Sometimes the Right Thing Happens

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RBJ Groundbreaking

Luci Baines Johnson, Mayor Adler, Pio Renteria and others celebrating a good thing.

There are pages and pages on the Internet dedicated to what is wrong with Austin: traffic, uncontrolled sprawl, affordability, gentrification, Californians :).... All of those things have their place in the puzzle, and they are all microcosms of larger issues at play in all of our cities here in the U.S. But sometimes diverse groups of people come together to create something truly good, and these efforts don't seem to get as much attention.

In my job at Nelsen Partners, I've had the opportunity to be involved with the redevelopment of the RBJ Senior Apartments, a 1970's residential tower on the east side that was built by LBJ and named after his mother, Rebecca Baines Johnson. After years of planning, it seems that the project is finally moving forward, and the official groundbreaking was held on Tuesday. Luci Baines Johnson, LBJ's daughter and well-known Austin resident, gave an inspiring speech about the legacy of LBJ's vision to take care of America's most vulnerable citizens, and praised the amount of collaboration between many different City constituents to make the project happen. 

Councilman Pio Renteria and State Representative Eddie Rodriguez took that point further in their speeches, and it was a point that needed to be heard. I won't bore you with the details of how this project is going to be funded and built, but this effort involves private developers, government officials at the City and State levels, neighborhood activists, bankers, real estate lawyers, design professionals, and most importantly the senior residents of RBJ themselves. All of this to create what will become a mixed-income, mixed-use, multi-generational neighborhood out of what is currently an isolated tower in a park.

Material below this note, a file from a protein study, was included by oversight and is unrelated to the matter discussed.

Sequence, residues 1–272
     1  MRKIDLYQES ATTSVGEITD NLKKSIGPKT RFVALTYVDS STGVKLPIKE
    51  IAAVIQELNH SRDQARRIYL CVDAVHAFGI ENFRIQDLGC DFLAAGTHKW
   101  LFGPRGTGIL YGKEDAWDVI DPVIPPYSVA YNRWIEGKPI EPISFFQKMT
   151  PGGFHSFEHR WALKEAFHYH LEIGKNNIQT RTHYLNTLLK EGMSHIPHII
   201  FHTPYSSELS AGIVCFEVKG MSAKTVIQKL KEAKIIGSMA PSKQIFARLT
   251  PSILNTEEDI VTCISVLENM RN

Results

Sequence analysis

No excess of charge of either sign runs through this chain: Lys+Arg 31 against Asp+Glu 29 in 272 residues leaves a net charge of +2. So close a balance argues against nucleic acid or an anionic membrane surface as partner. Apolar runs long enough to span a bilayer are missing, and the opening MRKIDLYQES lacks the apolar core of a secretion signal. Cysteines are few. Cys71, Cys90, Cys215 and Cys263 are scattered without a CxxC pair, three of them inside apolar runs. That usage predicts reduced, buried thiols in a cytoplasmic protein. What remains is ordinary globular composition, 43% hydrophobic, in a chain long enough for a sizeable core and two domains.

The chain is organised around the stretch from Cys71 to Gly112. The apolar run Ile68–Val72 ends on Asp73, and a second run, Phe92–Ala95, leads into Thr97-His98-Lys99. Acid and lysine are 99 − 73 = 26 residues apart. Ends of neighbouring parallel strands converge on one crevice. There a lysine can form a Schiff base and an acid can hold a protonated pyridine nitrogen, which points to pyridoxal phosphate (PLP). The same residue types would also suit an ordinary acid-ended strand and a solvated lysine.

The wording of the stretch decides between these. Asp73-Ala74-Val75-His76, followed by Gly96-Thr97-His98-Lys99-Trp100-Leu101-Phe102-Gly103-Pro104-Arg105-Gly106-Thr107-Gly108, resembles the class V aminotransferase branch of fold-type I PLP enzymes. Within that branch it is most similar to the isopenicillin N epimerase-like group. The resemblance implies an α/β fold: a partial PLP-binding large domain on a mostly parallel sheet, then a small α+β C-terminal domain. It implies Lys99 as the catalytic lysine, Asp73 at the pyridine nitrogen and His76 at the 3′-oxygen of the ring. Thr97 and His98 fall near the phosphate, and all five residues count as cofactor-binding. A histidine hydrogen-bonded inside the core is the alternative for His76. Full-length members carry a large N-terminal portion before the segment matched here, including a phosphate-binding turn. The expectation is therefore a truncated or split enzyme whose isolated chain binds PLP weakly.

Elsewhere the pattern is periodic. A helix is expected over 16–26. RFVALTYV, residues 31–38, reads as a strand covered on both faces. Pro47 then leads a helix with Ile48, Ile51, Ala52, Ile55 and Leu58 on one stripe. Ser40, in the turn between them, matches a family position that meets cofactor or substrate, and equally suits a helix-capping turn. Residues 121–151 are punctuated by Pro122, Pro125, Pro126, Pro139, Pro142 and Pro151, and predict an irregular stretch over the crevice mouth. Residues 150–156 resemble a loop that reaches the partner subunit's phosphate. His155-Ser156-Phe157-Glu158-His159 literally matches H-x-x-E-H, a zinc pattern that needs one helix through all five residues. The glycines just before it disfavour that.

There is a growing amount of research to support the idea that seniors benefit from living in close proximity to other generations of people, with access to activities in their immediate neighborhood. I suspect this is true for all of us. There are many problems in the City to solve, to be sure, but projects like this give me hope that the various residents of this City - whatever age, income bracket, or ethnicity - will be able to live together and benefit from each others' company. Let's stay hopeful..